Nigel Jarrett was at St David’s Hall in Cardiff to review a performance of Daphnis et Chloé by National Orchestra of Wales conducted by Tadaaki Otaka.
Rarely does a concert soloist encore with something refreshingly modern, even though 1951 as a year of composition might not be considered truly contemporary. Violinist Thomas Zehetmair chose the first movement of the Sonata for Solo Violin by German composer Bernd Alois Zimmermann to cap his exhilarating performance in Prokofiev’s Violin Concerto No.2. The concerto was the centrepiece in a programme crammed with striking effects, from Mozart emerging into the spotlight as an opera composer, to Ravel indulging fully his love of the antique and providing the BBC National Orchestra of Wales and its chorus with a further offering in its 2016-17 theme of storytelling in music, this time under conductor-laureate Tadaaki Otaka.
Few top-flight violinists have the acuity and the apparent spontaneity of Zehetmair, whose choice of the Zimmermann sonata’s ethereal opening as an addendum to a concerto with no flashy cadenza was inspired. After the Prokofiev’s final movement, a boisterously dissonant affair, it also seemed to inhabit a place to which Prokofiev might have been travelling, albeit a place of rest, although unpredictability is part of the second concerto’s attraction. In stressing that, Zehetmair always seemed to be leading the procession to the extent of hoping the orchestra was keeping line abreast. Playing from an aide-mémoire score, he scarcely turned to acknowledge what the others were doing, save for a few tacit acknowledgements in the conductor’s direction. Everything mostly worked, from the twists and turns of the opening movement to the rising sonorities of the second and the third’s devilish folk dance. This was in spite of appearances, which aurally had the soloist embedded but visually out on a limb and sometimes on the verge of momentarily losing contact. It sometimes felt as though Zehetmair, who has directed chamber orchestras as a violinist, was doing the same here. The orchestra did well to mask appearances with collaborative playing of its own.
In terms of method if not classical structure, there were connections to be made between the Prokofiev work and Mozart, whose overture to Idomeneo opened the concert in Otaka’s best snappy style. Despite its zest, it couldn’t match Mozart’s audacity in an opera which saw the composer emerge fully-formed as an exponent of music-theatre. If anticipation is a mark of foregoing promise, the quiet coda of this overture after an opening which the scholar Julian Rushton called ‘a suggestion of regal splendour under threat’ left us begging for the curtain to rise. Its boldness was boldly expressed.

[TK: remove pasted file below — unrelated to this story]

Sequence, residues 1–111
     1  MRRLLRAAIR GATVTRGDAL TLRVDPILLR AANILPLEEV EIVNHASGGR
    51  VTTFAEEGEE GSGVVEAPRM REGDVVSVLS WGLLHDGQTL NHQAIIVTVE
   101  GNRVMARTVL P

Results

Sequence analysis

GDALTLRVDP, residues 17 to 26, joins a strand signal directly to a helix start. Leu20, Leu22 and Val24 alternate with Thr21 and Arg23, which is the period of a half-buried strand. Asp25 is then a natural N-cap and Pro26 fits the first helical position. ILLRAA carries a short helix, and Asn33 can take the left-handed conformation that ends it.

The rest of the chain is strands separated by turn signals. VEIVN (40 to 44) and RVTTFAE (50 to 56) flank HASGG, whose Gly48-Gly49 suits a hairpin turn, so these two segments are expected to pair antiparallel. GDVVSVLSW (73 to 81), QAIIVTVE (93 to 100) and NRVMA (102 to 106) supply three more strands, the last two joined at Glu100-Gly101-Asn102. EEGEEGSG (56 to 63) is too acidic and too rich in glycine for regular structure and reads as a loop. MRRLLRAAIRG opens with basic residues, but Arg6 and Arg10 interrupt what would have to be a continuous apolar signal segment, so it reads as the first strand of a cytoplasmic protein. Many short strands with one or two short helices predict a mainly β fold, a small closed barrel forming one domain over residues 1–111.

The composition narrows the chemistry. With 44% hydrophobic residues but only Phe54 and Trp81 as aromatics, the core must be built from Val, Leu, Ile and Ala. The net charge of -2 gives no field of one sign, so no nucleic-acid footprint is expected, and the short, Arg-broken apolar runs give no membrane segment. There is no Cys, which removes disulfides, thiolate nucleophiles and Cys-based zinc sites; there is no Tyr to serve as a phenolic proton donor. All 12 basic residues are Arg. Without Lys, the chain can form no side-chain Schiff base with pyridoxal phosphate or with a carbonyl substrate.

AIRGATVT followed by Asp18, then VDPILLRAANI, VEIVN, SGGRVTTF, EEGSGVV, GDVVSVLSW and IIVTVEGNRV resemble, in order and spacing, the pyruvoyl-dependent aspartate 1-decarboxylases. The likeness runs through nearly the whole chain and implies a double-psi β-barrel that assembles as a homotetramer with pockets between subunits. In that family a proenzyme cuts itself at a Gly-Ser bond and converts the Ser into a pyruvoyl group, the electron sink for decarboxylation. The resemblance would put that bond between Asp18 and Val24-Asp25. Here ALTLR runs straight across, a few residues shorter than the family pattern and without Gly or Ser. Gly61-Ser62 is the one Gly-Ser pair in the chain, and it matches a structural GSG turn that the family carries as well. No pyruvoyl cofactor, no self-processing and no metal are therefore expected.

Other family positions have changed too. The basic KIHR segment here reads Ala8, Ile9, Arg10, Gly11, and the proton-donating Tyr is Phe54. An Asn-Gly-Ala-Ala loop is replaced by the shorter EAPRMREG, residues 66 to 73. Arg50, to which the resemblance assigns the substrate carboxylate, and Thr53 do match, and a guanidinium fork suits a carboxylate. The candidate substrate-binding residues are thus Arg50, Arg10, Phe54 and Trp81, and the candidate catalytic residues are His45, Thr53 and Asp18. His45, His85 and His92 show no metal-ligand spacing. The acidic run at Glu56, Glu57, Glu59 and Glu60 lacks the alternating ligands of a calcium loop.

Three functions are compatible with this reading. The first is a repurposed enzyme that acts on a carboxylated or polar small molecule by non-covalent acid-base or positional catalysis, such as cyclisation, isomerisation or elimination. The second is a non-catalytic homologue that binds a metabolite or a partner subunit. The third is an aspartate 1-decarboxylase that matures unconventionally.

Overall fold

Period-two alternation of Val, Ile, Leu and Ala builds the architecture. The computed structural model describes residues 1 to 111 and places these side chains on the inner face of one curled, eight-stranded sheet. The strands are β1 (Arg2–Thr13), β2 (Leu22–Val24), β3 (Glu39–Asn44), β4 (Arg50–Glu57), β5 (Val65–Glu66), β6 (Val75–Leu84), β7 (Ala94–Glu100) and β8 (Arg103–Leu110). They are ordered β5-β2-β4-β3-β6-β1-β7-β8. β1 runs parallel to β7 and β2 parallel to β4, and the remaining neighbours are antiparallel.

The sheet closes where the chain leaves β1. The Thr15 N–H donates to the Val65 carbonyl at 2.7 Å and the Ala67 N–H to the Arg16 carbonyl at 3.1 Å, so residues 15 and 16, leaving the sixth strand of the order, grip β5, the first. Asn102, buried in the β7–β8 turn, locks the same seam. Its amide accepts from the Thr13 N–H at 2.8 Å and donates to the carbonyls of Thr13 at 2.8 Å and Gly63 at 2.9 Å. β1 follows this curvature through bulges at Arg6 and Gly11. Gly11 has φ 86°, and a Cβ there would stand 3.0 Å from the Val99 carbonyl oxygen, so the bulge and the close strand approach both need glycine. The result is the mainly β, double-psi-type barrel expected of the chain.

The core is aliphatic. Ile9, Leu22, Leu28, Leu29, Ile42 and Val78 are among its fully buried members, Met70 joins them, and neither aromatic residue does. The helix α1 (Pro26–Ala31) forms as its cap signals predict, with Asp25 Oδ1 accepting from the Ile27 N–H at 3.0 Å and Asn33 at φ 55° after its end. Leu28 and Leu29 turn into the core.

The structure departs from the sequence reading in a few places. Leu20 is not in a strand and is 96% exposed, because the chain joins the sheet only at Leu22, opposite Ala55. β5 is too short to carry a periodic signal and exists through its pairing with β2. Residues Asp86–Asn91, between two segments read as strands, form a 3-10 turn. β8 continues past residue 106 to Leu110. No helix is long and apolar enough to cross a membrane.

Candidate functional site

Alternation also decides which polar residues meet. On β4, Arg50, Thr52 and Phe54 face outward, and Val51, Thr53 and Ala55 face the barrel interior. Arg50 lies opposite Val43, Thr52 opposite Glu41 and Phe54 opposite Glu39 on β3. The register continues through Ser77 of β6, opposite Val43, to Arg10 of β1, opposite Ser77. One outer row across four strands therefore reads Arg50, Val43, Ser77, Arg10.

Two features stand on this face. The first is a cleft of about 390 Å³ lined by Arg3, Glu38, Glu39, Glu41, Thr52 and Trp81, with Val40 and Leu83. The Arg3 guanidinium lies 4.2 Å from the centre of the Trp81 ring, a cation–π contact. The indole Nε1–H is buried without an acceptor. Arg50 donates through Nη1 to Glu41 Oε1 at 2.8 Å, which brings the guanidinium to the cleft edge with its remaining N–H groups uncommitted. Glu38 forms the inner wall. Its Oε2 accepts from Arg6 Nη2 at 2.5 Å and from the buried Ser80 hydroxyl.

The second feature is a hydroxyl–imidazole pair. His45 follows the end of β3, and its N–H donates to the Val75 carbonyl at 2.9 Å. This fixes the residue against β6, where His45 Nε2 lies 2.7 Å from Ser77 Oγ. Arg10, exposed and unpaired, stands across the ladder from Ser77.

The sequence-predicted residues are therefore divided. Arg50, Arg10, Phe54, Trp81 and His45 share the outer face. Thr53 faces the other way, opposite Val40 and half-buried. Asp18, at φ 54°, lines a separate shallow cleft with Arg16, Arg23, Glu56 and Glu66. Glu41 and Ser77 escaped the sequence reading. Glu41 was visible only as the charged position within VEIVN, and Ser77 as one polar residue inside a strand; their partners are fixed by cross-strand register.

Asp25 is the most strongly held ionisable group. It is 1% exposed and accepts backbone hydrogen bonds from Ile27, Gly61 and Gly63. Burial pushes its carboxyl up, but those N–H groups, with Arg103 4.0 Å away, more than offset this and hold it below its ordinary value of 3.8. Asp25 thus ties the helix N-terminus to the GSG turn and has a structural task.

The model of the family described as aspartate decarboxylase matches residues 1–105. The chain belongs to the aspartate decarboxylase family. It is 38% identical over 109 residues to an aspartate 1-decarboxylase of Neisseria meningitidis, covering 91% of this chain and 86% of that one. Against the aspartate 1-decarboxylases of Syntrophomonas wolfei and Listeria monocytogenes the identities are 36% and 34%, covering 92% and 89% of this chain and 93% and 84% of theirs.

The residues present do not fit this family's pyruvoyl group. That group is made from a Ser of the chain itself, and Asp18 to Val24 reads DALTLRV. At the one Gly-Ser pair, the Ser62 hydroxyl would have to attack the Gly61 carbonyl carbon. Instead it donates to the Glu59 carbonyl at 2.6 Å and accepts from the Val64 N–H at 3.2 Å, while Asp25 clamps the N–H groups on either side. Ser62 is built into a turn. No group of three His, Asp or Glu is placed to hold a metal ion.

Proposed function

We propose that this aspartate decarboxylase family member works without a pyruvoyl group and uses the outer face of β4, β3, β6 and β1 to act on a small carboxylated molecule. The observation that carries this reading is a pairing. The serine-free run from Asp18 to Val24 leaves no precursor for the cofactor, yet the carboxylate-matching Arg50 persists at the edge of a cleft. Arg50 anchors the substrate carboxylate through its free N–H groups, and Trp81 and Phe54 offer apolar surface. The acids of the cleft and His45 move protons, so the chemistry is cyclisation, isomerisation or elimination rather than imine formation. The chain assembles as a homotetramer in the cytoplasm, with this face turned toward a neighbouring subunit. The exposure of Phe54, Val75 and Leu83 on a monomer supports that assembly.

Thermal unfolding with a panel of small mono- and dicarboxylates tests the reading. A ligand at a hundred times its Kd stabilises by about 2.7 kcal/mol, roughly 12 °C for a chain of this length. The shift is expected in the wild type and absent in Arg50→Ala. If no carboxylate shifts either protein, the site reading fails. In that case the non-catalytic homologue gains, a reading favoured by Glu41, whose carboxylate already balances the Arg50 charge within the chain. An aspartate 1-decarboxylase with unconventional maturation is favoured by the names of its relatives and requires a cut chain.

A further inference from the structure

Rise it did, but after the interval and on Ravel’s Daphnis et Chloé ballet music. The narrative of the ballet is ever obscured by the sumptuousness of the music, which on this occasion didn’t always arise with clarity and purpose, except in the obvious places where the static figures, as if on a Greek vase, leap into life. Like the previous offering in the storytelling trope on which the orchestra has embarked, Stravinsky’s The Rite Of Spring, there are places in the complete score where the listener begs to see the visual action being described. The stand-alone sections, however, which constitute the suites boiled down from the whole and to the abstract, were ravishingly painted. It’s common nowadays to insist on a greater variety of tempi and dynamics than historically hitherto, as was the case here. But Otaka was not to be hurried, and he allowed those sections which seem to emerge into view, such as the choral ‘interlude’ and the daybreak scene that opens the third part, to arise with not too much prompting.
Strangely in a hall renowned for the integrity of its acoustic, St. David’s tends to quiver when hit by the kind of uber-volumes reached in parts of this score. That’s no-one’s fault and there’d be little point in holding back to compensate. It did, however, result in more savage contrasts than a conductor such as, say, Pierre Monteux, would have thought appropriate. What Otaka did nonetheless was bring the ballet to life, and if we had to put up with a few moments of aural uncertainty while that was happening, it amounted to no great loss. The score’s culmination in the most rousing orgasm ever depicted in music was never likely to be toned down. Among the musicians selected by the conductor for special recognition were flautist Matthew Featherstone, piccolo player Eva Stewart, harpists Val Aldrich-Smith and Ceri Wynne Jones, Chris Stock’s percussion team, and horn player Tim Thorpe; all of them prominent among equals. The chorus’s artistic director, Adrian Partington, also shared the applause. It might have been for making sure we heard the variation of vowel sounds in the choir’s vocalese. We heard most of it which, for a hefty contingent behind a big orchestra – more front stalls seats taken out – was a feat worth mentioning.
Header photo of Thomas Zehetmair credit Keith Pattison
Daphnis et Chloé
St David’s Hall, Cardiff, 10 November 2016
BBC National Orchestra and Chorus of Wales.
Soloist: Thomas Zehetmair (violin)
Conductor: Tadaaki Otaka
Mozart: Idomeneo (overture)
Prokofiev: Violin Concerto No. 2 in G minor
Ravel: Daphnis et Chloé (choreographic symphony in three parts)